A caring place: presentation at Cross Party Group

A picture of the facade of the Scottish Parliament in Edinburgh
Published: 03/07/2018

We are developing and inviting a conversation on town centre living and a caring place touching upon our ten principles of a caring place. In this blog Steve Malone, Principal Architect with Architecture and Design Scotland, shares some thoughts on ‘a caring place’ as presented at the Scottish Parliament Cross Party Group on Towns and Town Centres in 2018.

At Architecture and Design Scotland we are exploring the benefits and barriers to town centre living. As part of a three-year programme we have been focusing on the idea of a caring place using ‘care’ as a way of looking at town centres, and exploring opportunities for bringing together care and placemaking to tackle the challenges of the ageing population.

What is a caring place?

We asked this question at an advisory group workshop we ran at the start of 2018, which brought together disciplines from policy, health and place. And, briefly, the conclusion we came to was:

  • it is a diverse place that provides choices for the people that live there
  • providing care for the place, and care for the people simultaneously
  • where you can get to things and support can get to you

Understanding the people for a caring place

To help build a narrative around a caring place, and understand what it might look like, we commissioned service designers to develop a set of fictitious personas – ‘people narratives’ – for a range of folk aged 55+, representing the ‘younger older’ through to the elderly that might live in Scottish towns and including a mix of carers and those cared for.

The personas included key aspects such as: age, social and family life, health & care needs and responsibilities; home and local area; their concerns, dreams and aspirations - to help us understand their lives and needs.

Independent – Dependent

Within this small sample there are differing housing and care needs depending on their health, wellbeing, networks of friends and family around them. Some are still independent, others are partly or fully dependent on the care of others. Along this ‘spectrum of care’ this translates to different forms of living typologies (from independent living; to retirement community; nursing home; through to hospice/special care facility). Each with different implications (in terms of cost, level of care, location in the town and the community which can impact on quality of life).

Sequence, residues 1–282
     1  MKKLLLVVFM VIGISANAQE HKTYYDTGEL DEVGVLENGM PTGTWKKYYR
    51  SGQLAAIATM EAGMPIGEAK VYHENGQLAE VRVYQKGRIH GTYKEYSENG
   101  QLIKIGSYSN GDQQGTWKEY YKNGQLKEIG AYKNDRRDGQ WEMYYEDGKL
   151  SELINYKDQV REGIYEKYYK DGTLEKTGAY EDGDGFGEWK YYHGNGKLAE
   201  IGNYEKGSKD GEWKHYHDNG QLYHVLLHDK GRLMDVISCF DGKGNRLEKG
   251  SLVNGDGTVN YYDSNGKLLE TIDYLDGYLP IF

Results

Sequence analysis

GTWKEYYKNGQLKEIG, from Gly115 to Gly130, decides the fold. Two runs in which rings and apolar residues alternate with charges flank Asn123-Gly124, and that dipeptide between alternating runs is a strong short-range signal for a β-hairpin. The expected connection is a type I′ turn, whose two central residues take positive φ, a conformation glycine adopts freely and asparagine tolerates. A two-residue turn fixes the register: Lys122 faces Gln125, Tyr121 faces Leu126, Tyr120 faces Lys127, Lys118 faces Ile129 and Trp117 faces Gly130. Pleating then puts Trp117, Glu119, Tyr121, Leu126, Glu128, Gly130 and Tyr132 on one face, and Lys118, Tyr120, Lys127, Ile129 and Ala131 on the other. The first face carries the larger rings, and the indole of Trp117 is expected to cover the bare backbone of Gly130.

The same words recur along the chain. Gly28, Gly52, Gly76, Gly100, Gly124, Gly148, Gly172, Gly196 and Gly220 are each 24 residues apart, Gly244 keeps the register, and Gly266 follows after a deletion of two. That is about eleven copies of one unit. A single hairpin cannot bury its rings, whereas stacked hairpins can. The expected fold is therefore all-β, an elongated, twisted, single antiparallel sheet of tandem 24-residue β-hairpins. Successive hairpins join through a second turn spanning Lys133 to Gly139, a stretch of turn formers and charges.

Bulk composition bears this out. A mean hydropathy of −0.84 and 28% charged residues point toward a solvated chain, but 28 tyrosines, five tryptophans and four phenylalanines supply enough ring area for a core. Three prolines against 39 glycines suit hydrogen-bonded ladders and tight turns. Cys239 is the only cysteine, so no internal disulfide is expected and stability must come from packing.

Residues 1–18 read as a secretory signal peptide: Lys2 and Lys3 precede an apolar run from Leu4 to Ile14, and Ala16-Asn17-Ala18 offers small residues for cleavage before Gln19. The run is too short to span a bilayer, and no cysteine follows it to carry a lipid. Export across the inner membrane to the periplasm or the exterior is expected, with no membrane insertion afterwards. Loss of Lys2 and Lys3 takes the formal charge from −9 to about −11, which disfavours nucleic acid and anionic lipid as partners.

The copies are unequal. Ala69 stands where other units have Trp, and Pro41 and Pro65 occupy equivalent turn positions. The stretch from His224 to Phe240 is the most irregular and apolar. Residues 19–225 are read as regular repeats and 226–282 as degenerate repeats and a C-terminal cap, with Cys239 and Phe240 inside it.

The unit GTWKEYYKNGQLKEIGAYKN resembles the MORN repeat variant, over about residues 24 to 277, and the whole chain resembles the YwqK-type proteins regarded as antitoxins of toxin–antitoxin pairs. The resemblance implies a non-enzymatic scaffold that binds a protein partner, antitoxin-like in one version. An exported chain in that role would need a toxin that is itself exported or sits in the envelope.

Understanding care

But the problem isn’t necessarily ageing – it is also about a lack of choice. In a caring place there are opportunities for joining up existing networks (eg. linking people with community groups and initiatives, young and old, nurseries and care homes), and using design to think creatively about making the most out of ordinary spaces and places in our towns and neighbourhoods. To provide a sense of:

  • place – familiarity with surroundings, providing benefits in terms of knowing a place, routes to and from your home, feeling settled
  • purpose – activities, having things to do
  • support – from others and having people to do things with - a support network of friends, neighbours, and family
  • worth – feeling wanted (being part of a group, eg. Men’s Shed, Community Art Group, or volunteering at a local primary school or charity).


Within a place, services can be delivered at different scales:

  • hyper local - our immediate home environment
  • local - centralized care ‘hub’ somewhere within the town